A crashed computer is more than just resurrecting documents, spreadsheets photos etc. Here’s a plan to help.

It will happen to everyone at some stage. It might not be tomorrow or next week or even next year, but happen it will, and when it does, you need to be a goof little Boy Scout.

Be Prepared.

What is this disastrous possibility you ask? Simple dear reader, a hard drive failure.

The thing is, whilst your data (documents, photos, spreadsheets etc) ARE of course valuable, when it comes to rebuilding a system due to a malfunction, then the time-consuming part is not resurrecting that data.

I bring this up, as just recently I have been through this ‘trauma’ with a trusty 6-year-old Dell biting the dust. This machine has rarely been turned off in that entire time and so has had a hard life, and probably lasted maybe a couple of years longer than I expected. (My previous Dell lasted 4 years. I have used Dell XPS machines for nearly 15 years now I believe and been very happy with them as a whole).

Let me explain exactly what my setup is, and that will give you a feel for what, if unprepared, an almighty task would lie ahead.

The “box” contains a single 4TB drive split into a pair of 2TB partitions with all of the OS stuff (Windows 10 Premium) on the first partition (Drive C) and applications on the second (Drive D). For data, I have a Seagate 8TB USB 3 drive connected.

There is 32GB RAM and 8 USB slots for peripherals, one of which goes to a powered 16 port USB hub.

Why so many USB’s? This is a partial clue as to why reconstituting a system can be so painful!

I have a lot of peripherals I use daily. An awful lot. Here is a list:

If any of the above are not directly plugged in (the mouse for example) then they have a corresponding USB dongle that needs a port.

There are a few other things I dabble with on occasion that also require ports such as Arduino and Rapsberry Pi electronics, and of course there are needs to get data off drones, cameras, phones and so on.

A number of these need device drivers and so of course when rebuilding a system, you need easy access to these.  I back these up in a separate folder, each with a sub-folder for the exact device and meaningfully named to aid in later identification.

Speaking of backups, I use a pair of Seagate Barracudas in a RAID array and powered by a Synology NAS system. I was put onto this by Adam Turner (of Vertical Hold – an excellent techie podcast – fame) and it was quite easy to setup and maintain on my network.

But it doesn’t there of course.

Back in the “old days”, we had floppy disks as masters to our precious programs – later to become CDs and then DVDs. Today everything is mostly downloaded as compressed files (ZIP, MSI and so on) and so to save re-downloading all of these (with exception), I save the masters of these to again separate folders, also meaningfully named.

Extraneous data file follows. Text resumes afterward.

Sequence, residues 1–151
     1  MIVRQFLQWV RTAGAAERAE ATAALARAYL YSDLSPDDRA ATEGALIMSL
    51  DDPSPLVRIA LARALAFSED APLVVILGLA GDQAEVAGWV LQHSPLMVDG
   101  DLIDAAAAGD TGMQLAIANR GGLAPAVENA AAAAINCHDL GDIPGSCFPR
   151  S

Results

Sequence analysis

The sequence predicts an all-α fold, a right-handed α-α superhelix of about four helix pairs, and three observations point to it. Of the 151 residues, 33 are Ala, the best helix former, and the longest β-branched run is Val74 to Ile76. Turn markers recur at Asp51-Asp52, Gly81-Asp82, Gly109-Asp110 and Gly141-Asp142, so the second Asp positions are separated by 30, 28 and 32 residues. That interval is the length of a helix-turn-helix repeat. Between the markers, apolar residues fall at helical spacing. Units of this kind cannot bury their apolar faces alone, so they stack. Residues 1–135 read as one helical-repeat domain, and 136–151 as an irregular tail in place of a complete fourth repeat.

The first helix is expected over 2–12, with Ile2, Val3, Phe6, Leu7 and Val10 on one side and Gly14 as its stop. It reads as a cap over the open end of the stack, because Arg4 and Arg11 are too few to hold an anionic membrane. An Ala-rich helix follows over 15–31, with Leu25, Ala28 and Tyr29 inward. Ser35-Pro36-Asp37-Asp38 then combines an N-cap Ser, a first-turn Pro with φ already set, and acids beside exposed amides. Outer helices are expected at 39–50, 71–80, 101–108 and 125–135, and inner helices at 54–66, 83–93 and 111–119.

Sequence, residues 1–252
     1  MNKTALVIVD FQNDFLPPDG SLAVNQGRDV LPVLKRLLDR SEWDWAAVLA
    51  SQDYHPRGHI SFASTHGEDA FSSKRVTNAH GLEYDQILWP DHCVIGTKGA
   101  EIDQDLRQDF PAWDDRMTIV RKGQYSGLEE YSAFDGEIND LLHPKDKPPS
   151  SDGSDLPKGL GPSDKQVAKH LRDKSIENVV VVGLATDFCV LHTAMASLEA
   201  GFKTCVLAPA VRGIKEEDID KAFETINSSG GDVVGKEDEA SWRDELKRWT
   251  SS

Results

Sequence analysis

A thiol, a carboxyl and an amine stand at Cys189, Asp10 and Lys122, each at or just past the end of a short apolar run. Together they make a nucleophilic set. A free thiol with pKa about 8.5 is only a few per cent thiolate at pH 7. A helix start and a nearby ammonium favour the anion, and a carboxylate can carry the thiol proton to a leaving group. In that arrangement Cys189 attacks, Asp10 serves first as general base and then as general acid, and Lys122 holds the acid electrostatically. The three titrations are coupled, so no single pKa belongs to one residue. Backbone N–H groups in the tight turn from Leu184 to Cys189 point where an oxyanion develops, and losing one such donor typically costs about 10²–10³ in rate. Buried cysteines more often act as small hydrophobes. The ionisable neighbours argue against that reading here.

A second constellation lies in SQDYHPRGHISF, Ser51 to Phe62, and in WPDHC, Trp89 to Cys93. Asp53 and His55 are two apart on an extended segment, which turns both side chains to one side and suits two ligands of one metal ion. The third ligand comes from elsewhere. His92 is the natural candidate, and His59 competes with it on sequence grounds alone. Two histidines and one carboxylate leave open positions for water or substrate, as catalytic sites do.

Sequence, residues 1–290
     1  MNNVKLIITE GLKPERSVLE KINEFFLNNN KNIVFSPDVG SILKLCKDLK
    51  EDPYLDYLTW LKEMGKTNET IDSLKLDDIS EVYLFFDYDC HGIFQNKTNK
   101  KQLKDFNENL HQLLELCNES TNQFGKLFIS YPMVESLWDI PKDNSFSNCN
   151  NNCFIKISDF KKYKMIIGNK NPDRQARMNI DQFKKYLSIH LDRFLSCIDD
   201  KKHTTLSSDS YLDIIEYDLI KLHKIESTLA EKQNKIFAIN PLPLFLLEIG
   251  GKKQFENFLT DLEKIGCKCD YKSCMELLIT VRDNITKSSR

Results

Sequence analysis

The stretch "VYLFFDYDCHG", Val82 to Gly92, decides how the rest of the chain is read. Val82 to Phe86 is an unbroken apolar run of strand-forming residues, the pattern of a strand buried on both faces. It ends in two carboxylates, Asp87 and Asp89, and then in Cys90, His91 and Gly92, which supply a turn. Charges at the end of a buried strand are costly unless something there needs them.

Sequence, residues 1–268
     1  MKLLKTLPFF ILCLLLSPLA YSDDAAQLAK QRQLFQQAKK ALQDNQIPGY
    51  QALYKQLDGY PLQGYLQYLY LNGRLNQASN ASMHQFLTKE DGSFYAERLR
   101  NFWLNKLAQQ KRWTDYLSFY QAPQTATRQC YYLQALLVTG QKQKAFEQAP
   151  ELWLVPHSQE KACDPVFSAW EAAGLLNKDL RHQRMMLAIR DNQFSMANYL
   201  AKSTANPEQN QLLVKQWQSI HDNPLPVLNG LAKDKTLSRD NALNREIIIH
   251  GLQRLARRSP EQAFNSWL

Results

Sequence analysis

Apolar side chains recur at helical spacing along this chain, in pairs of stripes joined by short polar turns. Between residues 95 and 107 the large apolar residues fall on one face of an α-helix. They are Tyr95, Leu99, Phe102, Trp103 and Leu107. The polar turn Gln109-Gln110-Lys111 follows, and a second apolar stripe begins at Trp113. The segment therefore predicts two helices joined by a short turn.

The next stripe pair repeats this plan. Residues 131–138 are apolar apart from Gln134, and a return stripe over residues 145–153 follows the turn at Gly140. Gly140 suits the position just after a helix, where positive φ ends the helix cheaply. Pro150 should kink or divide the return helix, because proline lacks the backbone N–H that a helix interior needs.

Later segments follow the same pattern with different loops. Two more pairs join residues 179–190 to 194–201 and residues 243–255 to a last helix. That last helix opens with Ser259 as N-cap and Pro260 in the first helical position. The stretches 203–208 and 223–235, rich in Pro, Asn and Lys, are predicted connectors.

The major exceptions are those applications that have a Control Panel type system such as Adobe Creative Cloud, Microsoft Office and Maxon where there is no EXE or ZIP file as such, and these systems automatically update, so all you need to do is re-install the master controller and log in.

But then you also have all the plugins and so on you have for these programs, and if you have a Loupedeck CT (if not why not!) the downloaded profiles this uses, which when you boil it down comes down to hundreds, if not thousands of macros and icon images in each profile.

I use profiles from SideshowFX by the way which are both well thought out and dare I say it, beautifully crafted.

So, now knowing all this, even with a fairly regimented storage system of the stuff I need to get a dead machine to rise from the ashes in the form of a brand new Dell XPS becomes a 2 day job, at least to get everything back to the way you want it.

My suggestion therefore is that if you have not planned a resuscitation routine, you do so with some alacrity! Even with the best plans in place, and assuming nothing goes wrong, it’s a bastard of a job, so best make it as easy as possible.

Footnote: What IS interesting is that before it died on the old system, out of the 2TB I had as the OS “boot drive”, I was down to less than 15GB free. The 2nd partition, the D drive, has around 40GB free out of the 2TB. With the new system setup, and almost identical in configuration, my C drive has over 600GB free and the D drive 900GB.

It goes to show how much “rubbish” is picked up as you go along doesn’t it, despite how many times you run disk cleaners, defraggers and so on.



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